Starting a new job generally sparks a considerable amount of stress — good stress, of course. But if that job involves relocating, the pressure can skyrocket. However, we can help. No, we can’t hold your hand on day one of your new position. But we can help make your move a little easier, beginning with guidance on a job relocation package.
You may think a job relocation package is all about money. Your new company foots the bill for your move and related costs, after all. But there are lots of other aspects to consider as you work out the specifics with your soon-to-be boss. To help you sort them out, we’ve answered some of the most common questions pertaining to average relocation packages, so you’ll be prepared when you land that dream job in a brand new city. Getting ready to take the leap? Read on.
Why should I ask my new employer for a relocation package?
Moving is expensive. And it’s always more expensive than you think it’s going to be. From an unexpected hotel stay if your house isn’t quite ready yet to a spike in gas prices on the trip to your new town, the costs can quickly add up. Anything you can do to ease the burden and stress of a move, financially and otherwise, you should do.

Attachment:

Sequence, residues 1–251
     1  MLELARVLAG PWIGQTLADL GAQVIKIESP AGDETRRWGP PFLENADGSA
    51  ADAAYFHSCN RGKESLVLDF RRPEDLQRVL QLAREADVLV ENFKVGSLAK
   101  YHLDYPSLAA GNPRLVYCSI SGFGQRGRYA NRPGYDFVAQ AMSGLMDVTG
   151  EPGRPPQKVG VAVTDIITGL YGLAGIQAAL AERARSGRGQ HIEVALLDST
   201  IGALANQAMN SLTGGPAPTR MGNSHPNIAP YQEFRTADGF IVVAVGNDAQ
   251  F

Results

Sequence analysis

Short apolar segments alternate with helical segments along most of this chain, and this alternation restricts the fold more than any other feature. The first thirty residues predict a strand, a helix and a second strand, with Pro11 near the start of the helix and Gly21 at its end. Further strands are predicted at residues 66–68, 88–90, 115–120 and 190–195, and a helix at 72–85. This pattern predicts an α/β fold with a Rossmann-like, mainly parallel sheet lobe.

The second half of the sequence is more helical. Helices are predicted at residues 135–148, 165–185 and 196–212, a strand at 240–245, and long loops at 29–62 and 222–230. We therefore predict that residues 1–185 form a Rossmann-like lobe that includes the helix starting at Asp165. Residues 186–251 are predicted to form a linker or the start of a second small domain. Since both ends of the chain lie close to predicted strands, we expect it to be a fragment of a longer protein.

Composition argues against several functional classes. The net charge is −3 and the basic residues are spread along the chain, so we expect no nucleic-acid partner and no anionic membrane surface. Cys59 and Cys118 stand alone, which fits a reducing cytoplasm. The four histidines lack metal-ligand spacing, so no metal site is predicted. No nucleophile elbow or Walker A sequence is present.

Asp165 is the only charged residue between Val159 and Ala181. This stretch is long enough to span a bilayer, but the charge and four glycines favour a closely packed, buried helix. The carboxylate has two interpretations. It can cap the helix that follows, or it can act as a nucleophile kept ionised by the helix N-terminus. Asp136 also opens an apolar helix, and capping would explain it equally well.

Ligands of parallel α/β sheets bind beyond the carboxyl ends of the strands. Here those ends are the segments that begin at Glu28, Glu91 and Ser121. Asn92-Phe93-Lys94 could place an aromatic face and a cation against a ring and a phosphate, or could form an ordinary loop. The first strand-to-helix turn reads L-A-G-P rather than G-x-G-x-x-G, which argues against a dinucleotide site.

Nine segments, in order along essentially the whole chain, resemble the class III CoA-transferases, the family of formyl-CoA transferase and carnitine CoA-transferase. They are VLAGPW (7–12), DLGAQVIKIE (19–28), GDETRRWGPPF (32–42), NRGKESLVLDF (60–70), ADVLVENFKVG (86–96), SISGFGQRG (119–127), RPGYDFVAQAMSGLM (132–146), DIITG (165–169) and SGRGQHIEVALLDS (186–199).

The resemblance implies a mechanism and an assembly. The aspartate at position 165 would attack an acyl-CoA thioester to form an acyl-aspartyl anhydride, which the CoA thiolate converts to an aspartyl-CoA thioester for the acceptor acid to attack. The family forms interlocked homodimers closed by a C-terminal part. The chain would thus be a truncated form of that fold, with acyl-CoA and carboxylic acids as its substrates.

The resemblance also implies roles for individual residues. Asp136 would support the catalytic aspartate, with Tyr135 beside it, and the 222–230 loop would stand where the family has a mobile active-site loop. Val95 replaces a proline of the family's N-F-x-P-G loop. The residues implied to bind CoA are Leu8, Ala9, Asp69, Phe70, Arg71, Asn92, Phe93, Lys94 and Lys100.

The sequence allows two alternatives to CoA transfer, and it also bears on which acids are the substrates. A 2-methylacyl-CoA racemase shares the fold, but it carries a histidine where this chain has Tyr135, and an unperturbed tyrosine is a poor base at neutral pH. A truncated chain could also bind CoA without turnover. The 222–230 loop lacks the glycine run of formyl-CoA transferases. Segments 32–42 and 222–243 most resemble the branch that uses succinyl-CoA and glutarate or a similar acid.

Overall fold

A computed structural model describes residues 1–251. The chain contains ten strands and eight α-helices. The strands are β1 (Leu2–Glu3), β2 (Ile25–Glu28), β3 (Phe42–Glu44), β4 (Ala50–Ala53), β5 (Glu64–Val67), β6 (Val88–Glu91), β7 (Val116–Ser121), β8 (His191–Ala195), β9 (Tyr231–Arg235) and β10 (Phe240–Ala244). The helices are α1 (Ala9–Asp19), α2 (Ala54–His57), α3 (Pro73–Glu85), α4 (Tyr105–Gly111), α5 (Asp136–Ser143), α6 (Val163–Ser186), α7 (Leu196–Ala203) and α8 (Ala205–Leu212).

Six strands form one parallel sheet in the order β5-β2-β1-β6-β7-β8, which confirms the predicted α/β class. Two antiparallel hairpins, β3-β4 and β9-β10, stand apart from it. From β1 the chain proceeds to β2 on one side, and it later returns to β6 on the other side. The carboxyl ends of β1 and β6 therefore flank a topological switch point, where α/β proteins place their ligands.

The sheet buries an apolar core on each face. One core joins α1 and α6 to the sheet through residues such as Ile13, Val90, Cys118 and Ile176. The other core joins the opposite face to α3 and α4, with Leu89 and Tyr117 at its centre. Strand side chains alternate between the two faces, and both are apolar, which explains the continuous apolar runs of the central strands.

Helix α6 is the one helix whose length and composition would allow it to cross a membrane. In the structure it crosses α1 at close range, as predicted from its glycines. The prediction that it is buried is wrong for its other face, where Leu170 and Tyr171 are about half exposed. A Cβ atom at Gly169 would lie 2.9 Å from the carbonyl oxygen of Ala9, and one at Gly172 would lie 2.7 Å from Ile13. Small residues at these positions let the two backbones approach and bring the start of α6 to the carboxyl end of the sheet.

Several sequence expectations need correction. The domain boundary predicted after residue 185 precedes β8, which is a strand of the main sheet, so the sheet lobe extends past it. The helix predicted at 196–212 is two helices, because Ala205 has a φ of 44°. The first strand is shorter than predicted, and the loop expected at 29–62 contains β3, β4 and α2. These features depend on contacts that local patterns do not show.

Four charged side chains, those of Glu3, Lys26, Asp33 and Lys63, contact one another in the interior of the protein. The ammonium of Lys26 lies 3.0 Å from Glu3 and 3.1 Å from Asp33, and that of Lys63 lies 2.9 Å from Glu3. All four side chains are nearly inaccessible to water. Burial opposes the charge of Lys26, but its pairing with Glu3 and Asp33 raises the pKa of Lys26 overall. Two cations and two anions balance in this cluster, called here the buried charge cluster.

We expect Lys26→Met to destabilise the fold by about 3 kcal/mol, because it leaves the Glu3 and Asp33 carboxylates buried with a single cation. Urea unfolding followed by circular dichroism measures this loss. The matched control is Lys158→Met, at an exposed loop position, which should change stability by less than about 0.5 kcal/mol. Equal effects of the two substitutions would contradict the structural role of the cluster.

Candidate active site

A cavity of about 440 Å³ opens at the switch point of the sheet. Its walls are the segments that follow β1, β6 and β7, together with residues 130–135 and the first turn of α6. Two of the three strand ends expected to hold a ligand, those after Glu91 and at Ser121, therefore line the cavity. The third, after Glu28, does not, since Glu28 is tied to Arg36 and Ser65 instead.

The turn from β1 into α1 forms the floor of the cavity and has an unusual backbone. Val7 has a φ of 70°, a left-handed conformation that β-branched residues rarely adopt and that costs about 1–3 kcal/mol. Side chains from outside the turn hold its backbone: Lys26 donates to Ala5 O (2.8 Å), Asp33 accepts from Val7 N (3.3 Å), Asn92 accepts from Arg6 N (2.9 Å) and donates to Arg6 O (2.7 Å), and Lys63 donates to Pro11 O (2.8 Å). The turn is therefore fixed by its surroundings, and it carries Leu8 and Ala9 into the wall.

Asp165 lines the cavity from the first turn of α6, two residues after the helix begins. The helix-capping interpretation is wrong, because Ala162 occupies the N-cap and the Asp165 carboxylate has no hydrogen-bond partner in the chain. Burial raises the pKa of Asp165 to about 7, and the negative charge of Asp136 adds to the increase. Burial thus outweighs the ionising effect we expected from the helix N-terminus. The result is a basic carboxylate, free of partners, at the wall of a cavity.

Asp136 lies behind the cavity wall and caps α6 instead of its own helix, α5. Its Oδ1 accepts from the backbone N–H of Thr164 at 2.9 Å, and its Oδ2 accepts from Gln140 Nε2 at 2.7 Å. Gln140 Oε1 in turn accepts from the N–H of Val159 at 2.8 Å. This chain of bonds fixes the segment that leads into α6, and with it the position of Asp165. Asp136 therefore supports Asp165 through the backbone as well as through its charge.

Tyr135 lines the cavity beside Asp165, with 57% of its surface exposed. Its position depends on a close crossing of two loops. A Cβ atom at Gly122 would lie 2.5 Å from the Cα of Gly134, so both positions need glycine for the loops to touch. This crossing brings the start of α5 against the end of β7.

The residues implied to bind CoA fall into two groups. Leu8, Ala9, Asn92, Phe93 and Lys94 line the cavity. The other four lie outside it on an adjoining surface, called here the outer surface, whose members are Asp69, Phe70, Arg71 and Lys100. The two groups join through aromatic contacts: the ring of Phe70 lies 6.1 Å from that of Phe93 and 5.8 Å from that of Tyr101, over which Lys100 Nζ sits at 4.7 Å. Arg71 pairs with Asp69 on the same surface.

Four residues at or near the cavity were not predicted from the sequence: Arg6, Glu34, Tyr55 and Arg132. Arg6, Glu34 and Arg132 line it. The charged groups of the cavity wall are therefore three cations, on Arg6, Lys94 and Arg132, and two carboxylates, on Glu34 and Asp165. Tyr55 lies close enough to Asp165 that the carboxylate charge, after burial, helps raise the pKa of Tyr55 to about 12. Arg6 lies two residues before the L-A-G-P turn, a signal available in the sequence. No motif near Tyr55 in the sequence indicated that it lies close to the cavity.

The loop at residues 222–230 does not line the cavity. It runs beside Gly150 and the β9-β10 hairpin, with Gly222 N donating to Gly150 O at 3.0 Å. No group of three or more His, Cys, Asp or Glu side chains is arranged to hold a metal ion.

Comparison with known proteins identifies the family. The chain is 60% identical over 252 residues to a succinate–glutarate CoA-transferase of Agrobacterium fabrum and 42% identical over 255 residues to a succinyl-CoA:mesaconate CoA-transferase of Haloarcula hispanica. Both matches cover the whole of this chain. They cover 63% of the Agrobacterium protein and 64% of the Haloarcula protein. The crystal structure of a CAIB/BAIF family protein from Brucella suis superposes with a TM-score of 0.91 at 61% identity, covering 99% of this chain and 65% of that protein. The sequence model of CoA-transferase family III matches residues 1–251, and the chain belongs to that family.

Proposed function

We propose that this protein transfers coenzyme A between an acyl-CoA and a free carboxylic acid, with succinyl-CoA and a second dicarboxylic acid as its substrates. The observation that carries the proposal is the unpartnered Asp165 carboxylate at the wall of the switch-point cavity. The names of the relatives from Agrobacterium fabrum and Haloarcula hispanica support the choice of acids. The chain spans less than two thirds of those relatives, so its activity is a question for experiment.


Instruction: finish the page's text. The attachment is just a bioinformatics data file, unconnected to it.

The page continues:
But perhaps more important than saving you money, a relocation package is a recruiting perk your company offers as an investment in you. It’s a symbol of their confidence that you’re a valuable addition to their workforce. Organizations that offer this kind of support can typically count on a stronger retention rate and deeper employee loyalty, which translates to higher-caliber talent.
And it’s also better for your boss and your coworkers if you arrive on your first day of work in good spirits — rather than frazzled from a stressful moving experience. Making your transition as smooth as possible is a win-win for everyone.